“How long will it take to get there?”, I ask.
Our new friend and Addis road warrior, Ishy, gently shrugs his shoulders, tilts his head slightly and says “30 minutes.” We’ve heard that before. Time is different here and life moves at a different pace. Yes, there are clocks with numbers and hands that tick off hours, minutes and seconds. But here they mean something different and speak to a different sense of urgency. Every where we go takes 30 minutes. Some 30 minutes were an hour and some 30 minutes were longer, but we always arrive where we’re going and it’s always alright. We are in Addis and it’s all good.
I’m reminded of the Jimmy Buffett song where he buys a watch from a man on the street. The watch has no hands and his friends think he got ripped off. But he soon realizes the watch is never wrong; he tells his doubting friends to breathe in, breathe out, move on.
Something like that happens here. Time is not something to be a slave to, but rather an indication of what is, what was, and what may be coming next. Through it all I’m reminded we’re not in control; it’s God’s time and God’s place and we’re blessed to be here. Period.
This is not to say punctuality is not important or that we shouldn’t strive to keep our commitments. For me it’s a reminder to keep everything in perspective. Most of what I think is critical at the time won’t even be a memory in two months or two weeks or even two minutes.
Let me share an example that, for me, speaks perfectly to this – the coffee ceremony.
Every day after lunch at Safari Academy, the dishes are set aside and we have the coffee ceremony. A coffee ceremony is a centuries old tradition in Ethiopian culture. It centers around the elaborate preparation of a really great cup of coffee. At it’s core is the entire process: roasting beans over a charcoal fire, grinding the beans into a fine powder, boiling water over that same charcoal fire, rinsing the cups, boiling more water, adding the coffee, boiling again, testing the consistency of the mixture, letting it sit and then finally pouring the finished coffee into small cups, adding sugar and then enjoying. For our ceremonies, we have a gracious lady, Qelemua, who takes time out of her busy day to prepare our coffee ceremony, it’s done with love and smiles and nary a word.
The first coffee ceremony left me a bit skeptical of the process. Come on now, really? Surely we could fire up Mr. Coffee, or better yet Mr. Keurig. Both are simple, fast and relatively yummy. Besides, we have things to do; we need to get back to class on time ready to proclaim the importance of pronouns and conjunctions. Who wants to light a charcoal grill anytime they want java. Yeah, I admit to having more than a passing fancy with coffee. Alright, if I’m honest it’s a full on love affair. I love coffee and I’m used to my cup of black gold when I want it; no fuss, no muss, and no waiting, place your order, pay the money, or push the button and get your cup.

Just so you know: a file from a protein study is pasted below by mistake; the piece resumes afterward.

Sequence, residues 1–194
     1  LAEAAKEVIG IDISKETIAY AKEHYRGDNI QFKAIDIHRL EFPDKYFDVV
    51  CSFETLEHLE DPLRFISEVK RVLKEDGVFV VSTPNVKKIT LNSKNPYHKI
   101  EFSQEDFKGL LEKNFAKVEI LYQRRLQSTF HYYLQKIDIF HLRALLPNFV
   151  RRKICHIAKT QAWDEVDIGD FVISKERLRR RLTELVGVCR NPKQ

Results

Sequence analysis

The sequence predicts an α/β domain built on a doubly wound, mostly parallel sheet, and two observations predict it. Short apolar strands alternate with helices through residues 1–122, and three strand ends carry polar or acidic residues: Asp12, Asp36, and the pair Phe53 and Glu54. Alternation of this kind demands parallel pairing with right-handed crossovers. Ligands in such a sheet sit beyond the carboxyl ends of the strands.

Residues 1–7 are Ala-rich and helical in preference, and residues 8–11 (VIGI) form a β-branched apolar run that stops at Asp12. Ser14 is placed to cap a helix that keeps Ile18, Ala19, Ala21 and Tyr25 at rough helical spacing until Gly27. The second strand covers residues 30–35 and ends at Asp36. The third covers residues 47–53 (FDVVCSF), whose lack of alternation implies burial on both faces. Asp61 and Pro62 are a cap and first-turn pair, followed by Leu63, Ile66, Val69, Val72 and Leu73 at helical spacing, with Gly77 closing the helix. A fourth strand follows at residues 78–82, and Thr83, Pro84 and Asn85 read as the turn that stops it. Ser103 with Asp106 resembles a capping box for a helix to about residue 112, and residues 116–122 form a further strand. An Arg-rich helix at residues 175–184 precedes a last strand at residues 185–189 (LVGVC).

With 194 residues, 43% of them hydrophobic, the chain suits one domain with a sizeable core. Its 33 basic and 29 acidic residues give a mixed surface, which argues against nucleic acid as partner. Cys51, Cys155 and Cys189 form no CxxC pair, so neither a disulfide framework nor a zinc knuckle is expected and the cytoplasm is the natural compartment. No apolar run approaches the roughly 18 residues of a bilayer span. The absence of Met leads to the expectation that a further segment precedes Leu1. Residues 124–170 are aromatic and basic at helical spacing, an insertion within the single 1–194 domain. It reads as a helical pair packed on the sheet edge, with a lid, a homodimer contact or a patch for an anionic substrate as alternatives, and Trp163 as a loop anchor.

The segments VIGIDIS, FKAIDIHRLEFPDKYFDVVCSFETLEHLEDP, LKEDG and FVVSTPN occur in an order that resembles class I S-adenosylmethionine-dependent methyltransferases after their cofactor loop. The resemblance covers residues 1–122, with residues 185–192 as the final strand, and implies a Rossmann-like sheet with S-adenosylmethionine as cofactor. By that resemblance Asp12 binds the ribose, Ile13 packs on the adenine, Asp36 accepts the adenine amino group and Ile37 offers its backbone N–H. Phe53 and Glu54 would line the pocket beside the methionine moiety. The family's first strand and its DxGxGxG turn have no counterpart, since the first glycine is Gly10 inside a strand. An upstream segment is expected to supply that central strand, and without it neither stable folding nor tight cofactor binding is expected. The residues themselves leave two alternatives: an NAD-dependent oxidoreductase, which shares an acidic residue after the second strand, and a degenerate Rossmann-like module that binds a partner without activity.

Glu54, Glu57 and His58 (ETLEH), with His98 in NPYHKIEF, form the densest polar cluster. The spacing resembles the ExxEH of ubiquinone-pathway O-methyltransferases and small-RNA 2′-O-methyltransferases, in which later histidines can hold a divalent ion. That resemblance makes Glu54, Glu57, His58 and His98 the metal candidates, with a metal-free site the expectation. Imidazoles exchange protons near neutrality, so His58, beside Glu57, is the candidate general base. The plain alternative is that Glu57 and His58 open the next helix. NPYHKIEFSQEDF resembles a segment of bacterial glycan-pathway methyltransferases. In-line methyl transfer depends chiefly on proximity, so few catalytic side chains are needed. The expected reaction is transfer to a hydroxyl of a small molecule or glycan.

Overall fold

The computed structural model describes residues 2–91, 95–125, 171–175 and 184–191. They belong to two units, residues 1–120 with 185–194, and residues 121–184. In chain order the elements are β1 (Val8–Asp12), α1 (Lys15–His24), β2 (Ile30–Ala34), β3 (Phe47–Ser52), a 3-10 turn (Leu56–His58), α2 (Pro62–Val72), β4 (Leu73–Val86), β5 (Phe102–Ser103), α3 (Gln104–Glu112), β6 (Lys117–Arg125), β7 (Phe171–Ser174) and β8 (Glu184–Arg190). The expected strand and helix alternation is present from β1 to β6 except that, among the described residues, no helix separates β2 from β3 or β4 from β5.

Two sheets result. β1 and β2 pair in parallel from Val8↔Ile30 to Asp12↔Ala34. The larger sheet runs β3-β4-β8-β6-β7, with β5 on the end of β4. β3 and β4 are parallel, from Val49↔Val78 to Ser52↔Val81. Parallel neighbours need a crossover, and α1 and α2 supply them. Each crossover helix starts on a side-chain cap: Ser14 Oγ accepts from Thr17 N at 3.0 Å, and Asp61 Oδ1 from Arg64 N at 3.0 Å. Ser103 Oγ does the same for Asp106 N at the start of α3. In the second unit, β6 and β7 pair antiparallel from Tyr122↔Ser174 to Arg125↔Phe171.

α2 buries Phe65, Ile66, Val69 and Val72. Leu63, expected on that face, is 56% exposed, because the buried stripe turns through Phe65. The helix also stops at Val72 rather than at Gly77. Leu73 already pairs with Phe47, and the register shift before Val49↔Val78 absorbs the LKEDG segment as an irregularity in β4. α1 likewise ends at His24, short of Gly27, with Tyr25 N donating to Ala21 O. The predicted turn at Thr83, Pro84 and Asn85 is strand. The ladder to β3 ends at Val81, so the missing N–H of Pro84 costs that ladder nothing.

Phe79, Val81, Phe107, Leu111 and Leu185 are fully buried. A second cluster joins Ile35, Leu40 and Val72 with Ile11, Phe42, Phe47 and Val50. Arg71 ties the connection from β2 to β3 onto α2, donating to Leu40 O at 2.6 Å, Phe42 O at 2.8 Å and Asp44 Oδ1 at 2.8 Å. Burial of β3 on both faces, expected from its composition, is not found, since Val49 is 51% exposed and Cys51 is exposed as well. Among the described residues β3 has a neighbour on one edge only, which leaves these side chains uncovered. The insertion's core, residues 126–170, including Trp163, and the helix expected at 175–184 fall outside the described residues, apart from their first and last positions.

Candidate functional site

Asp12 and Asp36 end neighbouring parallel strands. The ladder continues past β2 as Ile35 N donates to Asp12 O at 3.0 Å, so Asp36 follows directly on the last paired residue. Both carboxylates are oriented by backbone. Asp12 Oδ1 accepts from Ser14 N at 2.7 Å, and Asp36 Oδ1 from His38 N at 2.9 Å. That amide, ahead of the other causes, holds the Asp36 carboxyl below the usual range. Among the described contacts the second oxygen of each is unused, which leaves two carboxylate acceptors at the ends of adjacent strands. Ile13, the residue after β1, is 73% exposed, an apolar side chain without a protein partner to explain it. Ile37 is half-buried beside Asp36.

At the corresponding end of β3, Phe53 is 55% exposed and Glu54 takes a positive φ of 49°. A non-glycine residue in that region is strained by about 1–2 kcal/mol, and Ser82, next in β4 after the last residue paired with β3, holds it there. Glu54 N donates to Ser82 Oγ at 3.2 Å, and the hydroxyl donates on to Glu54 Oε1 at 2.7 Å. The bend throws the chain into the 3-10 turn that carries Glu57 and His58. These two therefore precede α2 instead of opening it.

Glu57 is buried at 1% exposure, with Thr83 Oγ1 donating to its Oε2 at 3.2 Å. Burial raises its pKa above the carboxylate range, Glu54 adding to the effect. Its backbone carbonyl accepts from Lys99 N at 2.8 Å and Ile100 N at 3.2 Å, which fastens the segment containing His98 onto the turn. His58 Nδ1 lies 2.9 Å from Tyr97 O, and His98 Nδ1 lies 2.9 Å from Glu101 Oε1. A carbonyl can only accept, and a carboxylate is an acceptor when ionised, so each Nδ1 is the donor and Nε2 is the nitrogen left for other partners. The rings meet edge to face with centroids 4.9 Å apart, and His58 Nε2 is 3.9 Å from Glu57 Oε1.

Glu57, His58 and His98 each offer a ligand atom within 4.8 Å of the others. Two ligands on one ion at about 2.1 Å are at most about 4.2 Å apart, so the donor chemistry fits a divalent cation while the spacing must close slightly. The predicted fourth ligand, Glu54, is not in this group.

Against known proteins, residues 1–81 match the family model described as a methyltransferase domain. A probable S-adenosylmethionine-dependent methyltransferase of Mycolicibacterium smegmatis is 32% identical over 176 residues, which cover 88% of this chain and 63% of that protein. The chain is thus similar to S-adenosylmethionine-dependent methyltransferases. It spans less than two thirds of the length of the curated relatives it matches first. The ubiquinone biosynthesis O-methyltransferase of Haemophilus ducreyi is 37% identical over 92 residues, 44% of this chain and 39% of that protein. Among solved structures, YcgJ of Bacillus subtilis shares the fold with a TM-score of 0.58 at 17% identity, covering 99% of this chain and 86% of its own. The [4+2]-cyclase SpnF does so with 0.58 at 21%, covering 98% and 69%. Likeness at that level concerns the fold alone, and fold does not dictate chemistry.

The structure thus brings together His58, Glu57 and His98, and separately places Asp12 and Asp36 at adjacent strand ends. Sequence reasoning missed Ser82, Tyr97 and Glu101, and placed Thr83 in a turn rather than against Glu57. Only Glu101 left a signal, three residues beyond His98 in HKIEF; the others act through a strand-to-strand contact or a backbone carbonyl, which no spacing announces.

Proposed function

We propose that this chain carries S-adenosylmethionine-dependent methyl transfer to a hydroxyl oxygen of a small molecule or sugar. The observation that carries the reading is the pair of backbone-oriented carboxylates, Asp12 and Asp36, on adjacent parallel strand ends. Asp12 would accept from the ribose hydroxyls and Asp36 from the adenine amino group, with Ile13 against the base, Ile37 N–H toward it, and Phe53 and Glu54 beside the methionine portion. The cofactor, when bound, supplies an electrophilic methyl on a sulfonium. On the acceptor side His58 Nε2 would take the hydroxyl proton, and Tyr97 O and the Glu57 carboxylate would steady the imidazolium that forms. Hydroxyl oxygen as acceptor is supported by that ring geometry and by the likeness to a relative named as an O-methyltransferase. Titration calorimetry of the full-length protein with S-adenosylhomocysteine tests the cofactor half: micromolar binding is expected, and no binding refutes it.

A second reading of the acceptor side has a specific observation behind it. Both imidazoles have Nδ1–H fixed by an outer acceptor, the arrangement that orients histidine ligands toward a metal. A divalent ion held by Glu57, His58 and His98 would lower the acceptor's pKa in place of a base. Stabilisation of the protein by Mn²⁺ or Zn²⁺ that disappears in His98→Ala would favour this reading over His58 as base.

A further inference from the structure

Not so with the coffee ceremony. At first it seemed like a lot of work and, even more concerning, very slow. Not to mention the cups were so small! No grande, no venti, no insulated mega tanker mug to last 200 miles, just a little teacup looking thing with no handle. After much discontentment and concern, it finally dawned on me that the coffee ceremony wasn’t about coffee after all, it was about time. Time with friends, time with family, time with coworkers. Time to chill and get to know the people you’re with, not with passing courtesies, but to really get to know them. Dig deep, share, learn and, yes, love.
All this is not to say that our time isn’t important and can be wasted with careless disregard. Nothing could be further from the truth. Time is to be treasured and what we do with our time is valuable. But, until my coffee ceremony revelation, busy and slow seemed mutually exclusive. Sure it’s REALLY good coffee, but more than that it’s time to be; be with friends, be with co-workers, and be with family. And talk.
So, as I prepare to leave this place. I pray that I take these memories, the many new friends I’ve met and the shared experience with me forever and always remember to breathe in, breath out, move on.
Addis Ababa, Ethiopia